It's an unmissable icon in Bhutan - clinging like a swallow's nest to the edge of a cliff high above the Paro Valley, it makes many foreign visitors wonder how such a monastery could ever be built. It is only accessible by narrow mountain paths, and surrounded by dense forested mountains and dramatic rocky drops, yet it has become one of the most popular places in Bhutan for pilgrims and awe-struck tourists alike.
To the local Bhutanese, there's no doubt as to why or how this difficult to reach temple earned it's name Taktshang - "Tiger's Nest". The legend goes that the great Indian master Padmasambhava, also known as Guru Rinpoche in Tibetan, was called to Bhutan from Tibet to subdue demons who were causing difficulties for the people of Paro Valley. He flew from Tibet to Bhutan on the back of a tigress, landing at a cave high up in the cliffs above Paro. This cave is where he then spent the next three years, three months, three weeks and three days meditating and performing rituals to subdue the demons of the land, and the place became known as "Tiger's Nest". Some believe that the tiger who carried the Guru was actually his disciple and consort, Yeshe Tsogyel, who transformed herself so that she could assist him in travelling to the Land of the Thunder Dragon.
Guru Rinpoche is regarded in Tibetan Buddhism - the religion which is dominant in Bhutan as well as in Tibet - as the second Buddha. His magical feats are famous and his image is seen in every monastery and temple across the Tibetan Buddhist world. He was invited to Tibet in the 8th century in order to tame the demons of the land and convert them to Buddhism, which he did through many battles and contests. He then travelled to Bhutan for a similar purpose - to calm the demons and harmful spirits so that Buddhism could flourish and the people could thrive.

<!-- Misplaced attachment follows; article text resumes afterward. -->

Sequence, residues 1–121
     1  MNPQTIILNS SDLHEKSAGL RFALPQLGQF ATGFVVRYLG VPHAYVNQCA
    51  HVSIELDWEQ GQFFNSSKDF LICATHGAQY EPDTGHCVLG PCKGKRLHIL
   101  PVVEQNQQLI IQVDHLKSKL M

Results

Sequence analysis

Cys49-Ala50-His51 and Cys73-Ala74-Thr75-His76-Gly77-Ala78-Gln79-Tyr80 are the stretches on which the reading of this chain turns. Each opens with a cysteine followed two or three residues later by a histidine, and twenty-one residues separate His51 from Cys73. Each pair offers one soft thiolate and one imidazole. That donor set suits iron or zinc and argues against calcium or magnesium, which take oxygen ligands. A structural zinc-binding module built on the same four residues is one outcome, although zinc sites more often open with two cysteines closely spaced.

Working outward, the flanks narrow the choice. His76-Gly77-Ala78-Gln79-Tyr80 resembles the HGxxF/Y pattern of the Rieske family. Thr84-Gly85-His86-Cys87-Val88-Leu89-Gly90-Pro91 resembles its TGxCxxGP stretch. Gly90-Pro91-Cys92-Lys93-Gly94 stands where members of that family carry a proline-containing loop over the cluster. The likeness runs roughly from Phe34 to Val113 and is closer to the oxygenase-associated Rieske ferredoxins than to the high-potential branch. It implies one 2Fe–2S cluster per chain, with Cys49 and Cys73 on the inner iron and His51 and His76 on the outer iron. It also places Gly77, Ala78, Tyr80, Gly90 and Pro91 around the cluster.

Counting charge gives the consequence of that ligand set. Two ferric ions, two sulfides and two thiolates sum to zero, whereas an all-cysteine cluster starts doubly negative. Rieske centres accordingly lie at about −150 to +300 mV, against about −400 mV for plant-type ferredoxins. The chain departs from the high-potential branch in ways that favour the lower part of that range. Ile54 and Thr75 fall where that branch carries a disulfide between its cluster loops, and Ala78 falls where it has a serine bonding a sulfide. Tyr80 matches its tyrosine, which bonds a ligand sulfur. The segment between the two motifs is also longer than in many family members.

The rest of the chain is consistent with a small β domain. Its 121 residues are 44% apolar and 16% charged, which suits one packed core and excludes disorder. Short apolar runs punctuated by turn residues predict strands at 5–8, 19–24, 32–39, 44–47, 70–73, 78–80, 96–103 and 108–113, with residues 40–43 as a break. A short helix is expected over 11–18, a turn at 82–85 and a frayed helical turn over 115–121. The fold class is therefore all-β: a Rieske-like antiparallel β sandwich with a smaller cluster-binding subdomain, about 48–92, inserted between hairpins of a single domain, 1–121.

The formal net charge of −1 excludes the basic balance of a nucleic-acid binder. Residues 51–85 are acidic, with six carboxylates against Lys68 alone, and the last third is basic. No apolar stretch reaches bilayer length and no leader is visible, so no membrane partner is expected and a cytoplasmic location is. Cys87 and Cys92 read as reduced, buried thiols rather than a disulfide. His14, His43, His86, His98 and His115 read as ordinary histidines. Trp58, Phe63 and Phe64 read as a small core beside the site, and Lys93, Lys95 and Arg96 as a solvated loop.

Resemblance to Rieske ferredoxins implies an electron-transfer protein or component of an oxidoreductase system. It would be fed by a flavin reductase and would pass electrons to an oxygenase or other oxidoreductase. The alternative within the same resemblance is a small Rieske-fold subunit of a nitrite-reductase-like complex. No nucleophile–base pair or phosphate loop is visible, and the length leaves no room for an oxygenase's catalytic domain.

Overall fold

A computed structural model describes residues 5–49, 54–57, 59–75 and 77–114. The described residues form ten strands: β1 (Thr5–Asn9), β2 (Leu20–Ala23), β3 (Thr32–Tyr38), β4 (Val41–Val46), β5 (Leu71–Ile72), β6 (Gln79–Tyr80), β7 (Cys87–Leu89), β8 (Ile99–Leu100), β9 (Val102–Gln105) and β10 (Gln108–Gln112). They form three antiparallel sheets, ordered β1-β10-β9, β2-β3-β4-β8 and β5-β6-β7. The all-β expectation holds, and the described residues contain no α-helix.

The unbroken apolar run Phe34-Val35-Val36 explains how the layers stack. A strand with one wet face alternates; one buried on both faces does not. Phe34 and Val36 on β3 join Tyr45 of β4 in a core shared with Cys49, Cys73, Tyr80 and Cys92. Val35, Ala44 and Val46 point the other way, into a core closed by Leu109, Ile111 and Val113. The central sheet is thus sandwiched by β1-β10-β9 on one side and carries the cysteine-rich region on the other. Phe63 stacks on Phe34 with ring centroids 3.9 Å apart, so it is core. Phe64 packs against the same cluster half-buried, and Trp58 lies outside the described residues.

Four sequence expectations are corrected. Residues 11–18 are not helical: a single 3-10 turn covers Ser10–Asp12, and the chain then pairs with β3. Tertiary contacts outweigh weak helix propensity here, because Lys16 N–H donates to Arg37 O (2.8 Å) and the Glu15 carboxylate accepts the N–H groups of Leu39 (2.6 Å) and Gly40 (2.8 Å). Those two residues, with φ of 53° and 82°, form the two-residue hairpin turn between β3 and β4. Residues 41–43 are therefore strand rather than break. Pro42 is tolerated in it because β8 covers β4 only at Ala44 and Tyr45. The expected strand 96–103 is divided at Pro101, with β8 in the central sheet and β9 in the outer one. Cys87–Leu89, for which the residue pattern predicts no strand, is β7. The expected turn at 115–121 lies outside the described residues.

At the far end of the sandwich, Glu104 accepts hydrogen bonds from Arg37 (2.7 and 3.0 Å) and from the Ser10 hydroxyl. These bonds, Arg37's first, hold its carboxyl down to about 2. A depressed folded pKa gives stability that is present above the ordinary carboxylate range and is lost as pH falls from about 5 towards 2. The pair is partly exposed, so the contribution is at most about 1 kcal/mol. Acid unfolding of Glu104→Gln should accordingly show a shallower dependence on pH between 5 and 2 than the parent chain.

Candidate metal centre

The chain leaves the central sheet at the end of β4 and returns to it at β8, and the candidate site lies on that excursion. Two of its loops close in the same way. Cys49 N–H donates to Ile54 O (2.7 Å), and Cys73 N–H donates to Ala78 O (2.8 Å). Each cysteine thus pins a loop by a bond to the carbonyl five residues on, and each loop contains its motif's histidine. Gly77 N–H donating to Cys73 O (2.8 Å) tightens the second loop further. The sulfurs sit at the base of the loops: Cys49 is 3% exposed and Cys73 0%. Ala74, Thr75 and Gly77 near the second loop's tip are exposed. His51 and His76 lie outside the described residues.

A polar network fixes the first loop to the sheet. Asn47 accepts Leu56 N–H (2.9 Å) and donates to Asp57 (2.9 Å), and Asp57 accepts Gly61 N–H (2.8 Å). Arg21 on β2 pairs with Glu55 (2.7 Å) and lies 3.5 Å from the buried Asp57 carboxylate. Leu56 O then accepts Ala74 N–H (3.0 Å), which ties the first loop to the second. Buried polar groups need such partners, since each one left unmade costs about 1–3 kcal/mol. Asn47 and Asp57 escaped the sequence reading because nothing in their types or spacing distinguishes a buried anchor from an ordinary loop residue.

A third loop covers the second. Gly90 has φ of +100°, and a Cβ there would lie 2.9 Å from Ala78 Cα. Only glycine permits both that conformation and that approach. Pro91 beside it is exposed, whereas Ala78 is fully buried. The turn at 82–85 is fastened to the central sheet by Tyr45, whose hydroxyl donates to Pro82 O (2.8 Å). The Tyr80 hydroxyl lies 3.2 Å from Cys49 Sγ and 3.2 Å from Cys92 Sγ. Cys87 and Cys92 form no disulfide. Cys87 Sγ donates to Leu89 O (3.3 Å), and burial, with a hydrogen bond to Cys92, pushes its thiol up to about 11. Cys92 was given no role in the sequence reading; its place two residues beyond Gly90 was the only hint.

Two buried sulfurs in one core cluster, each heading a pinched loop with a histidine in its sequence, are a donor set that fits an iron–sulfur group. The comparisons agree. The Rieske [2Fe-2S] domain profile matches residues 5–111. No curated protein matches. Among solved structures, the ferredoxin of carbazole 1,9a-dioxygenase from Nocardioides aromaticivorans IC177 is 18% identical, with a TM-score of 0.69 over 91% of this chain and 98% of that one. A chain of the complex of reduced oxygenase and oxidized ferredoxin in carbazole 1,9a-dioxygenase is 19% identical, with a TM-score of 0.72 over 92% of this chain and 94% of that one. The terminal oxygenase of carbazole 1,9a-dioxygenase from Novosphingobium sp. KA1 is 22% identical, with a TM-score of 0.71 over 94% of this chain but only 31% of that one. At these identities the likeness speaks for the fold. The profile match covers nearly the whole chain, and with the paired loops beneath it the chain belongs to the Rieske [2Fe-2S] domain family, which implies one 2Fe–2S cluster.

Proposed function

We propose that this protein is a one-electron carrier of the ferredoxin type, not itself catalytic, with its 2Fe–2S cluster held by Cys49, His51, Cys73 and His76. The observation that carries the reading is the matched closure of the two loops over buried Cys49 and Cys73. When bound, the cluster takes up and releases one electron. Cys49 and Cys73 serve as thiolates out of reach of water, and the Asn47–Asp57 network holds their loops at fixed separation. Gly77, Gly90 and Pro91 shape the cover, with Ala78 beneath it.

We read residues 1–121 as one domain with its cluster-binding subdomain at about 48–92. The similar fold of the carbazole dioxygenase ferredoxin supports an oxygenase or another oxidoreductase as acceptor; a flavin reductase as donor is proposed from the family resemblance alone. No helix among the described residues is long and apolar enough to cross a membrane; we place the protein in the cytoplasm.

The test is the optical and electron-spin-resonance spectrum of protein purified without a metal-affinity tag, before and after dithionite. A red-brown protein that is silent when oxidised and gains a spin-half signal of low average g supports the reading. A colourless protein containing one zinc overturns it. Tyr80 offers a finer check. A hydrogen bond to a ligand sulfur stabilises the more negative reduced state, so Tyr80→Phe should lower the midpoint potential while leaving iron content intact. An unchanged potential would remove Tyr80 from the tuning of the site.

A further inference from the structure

The fantastical stories of the Tiger's Nest don't end there though - Guru Rinpoche apparently returned to the site hundreds of years later, reincarnated as Tenzin Rabgye, the man who built the structure that turned the meditation cave into a temple. It is said that many miraculous things happened during the construction and consecration of the temple, which proved its highly sacred status. According to one legend, the buildings were even anchored to the cliff using the hairs of dakini - otherworldly celestial beings from Tibetan Buddhist mythology.
Over the centuries many famous Tibetan, Indian, and Bhutanese yogis came to the temple to meditate, drawn by its powerful energy. Today, still, the monastery is in use as a hermitage by monks from monasteries near and far, seeking to attain the level of enlightenment that the Buddha and Guru Rinpoche achieved.
Visitors are welcomed to visit the Tiger's Nest, this place of myth and legend, to see for themselves the incredible temple and perhaps believe - even if just for a moment - that the stories of flying tigers and magical gurus may be real.